verb (used with object), duked, duk·ing.
Origin of duke
Related Words for dukesaristocrat, king, monarch, emperor, czar, sultan, shah, patrician, slug, count, gentleman, royalty, peer, lord, lady, prince, empress, archduchess, archduke, countess
Examples from the Web for dukes
Contemporary Examples of dukes
Altogether, the monks, the Dukes, and the winemakers created a microcosm the influence of which can still be felt today.The Next UNESCO World Heritage Site: Burgundy’s Pinot Noir Country?
May 31, 2014
The Dukes of Hazzard were masters of button-popped shirts, teasingly open.Jude Law and the Great Male ‘He-Vage’ Crisis
May 20, 2014
In one of the biggest “gets” of the book, Cohan interviews Robert Steel, who was the chairman of Dukes?Speed Read: The Juiciest Bits From a New Book on the Duke Lacrosse Scandal
April 8, 2014
Later, the Dukes of Burgundy appropriated the land and vines were revived by medieval monks.The Drink All You Want Holiday Wine
December 21, 2013
Charlene Harjo, a 55-year-old kindergarten and first grade teacher in Denver, said "Obama didn't put his dukes on."Obama Supporters Mourn His Terrible Debate Performance
October 5, 2012
Historical Examples of dukes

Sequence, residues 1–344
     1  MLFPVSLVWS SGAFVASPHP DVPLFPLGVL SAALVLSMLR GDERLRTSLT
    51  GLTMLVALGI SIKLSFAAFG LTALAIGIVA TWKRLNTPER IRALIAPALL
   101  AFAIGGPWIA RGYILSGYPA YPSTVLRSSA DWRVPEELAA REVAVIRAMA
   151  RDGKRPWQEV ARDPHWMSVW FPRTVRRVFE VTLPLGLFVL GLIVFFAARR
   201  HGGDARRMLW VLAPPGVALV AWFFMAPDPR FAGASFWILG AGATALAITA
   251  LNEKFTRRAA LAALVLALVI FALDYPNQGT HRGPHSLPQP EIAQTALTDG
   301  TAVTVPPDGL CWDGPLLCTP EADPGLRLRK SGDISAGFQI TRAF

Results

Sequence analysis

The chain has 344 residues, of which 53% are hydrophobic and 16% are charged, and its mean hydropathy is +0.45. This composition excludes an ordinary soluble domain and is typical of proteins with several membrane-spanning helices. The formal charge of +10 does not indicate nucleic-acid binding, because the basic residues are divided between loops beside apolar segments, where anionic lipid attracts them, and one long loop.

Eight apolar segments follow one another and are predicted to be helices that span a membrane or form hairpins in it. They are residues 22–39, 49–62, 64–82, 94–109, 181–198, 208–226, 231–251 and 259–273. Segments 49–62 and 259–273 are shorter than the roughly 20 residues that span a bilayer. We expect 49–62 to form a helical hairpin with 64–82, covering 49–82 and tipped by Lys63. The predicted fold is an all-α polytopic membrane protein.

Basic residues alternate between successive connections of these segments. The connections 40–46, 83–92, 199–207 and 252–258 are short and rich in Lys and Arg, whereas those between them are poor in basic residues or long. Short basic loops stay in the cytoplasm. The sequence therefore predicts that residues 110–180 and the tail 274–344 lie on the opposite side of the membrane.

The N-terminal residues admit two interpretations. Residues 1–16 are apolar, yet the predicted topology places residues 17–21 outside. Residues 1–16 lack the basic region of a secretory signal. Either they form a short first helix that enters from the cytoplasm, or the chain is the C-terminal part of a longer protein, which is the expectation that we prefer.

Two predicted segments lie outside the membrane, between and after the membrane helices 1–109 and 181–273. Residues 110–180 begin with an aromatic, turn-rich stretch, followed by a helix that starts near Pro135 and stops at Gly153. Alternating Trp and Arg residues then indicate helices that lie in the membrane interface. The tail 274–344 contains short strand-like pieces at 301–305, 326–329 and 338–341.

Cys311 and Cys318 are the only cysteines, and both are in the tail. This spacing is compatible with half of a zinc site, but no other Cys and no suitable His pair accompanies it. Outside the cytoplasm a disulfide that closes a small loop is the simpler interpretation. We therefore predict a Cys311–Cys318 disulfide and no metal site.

Why, you'd be Lady Casselthorpe, with dukes and counts takin' off their crowns to you.The Spenders
Harry Leon Wilson
The proprietors of the show may be dukes, and earls, and marquisses, and so forth.
It's the Egypt lot I worry about: girls out for dukes, and dukes out for dollars.It Happened in Egypt
C. N. Williamson
Let Monmouth get the law changed, and it will do more for him than all the dukes in England.Micah Clarke
Arthur Conan Doyle
The dukes of Coburg and Hildburghausen were miserable bankrupts.Blood and Iron
John Hubert Greusel
Word Origin for dukes
Word Origin for duke
"hands," 1874, now mainly in put up your dukes (phrase from 1859), probably not connected to duke (n.). Chapman ["Dictionary of American Slang"] suggests Romany dook "the hand as read in palmistry, one's fate;" but Partridge ["Slang To-day and Yesterday"] gives it a plausible, if elaborate, etymology as a contraction of Duke of Yorks, rhyming slang for forks, a Cockney term for "fingers," thus "hands."
early 12c., "sovereign prince," from Old French duc (12c.) and directly from Latin dux (genitive ducis) "leader, commander," in Late Latin "governor of a province," from ducere "to lead," from PIE *deuk- "to lead" (cf. Old English togian "to pull, drag," Old High German ziohan "to pull," Old English togian "to draw, drag," Middle Welsh dygaf "I draw").
Applied in English to "nobleman of the highest rank" probably first mid-14c., ousting native earl. Also used to translate various European titles (e.g. Russian knyaz).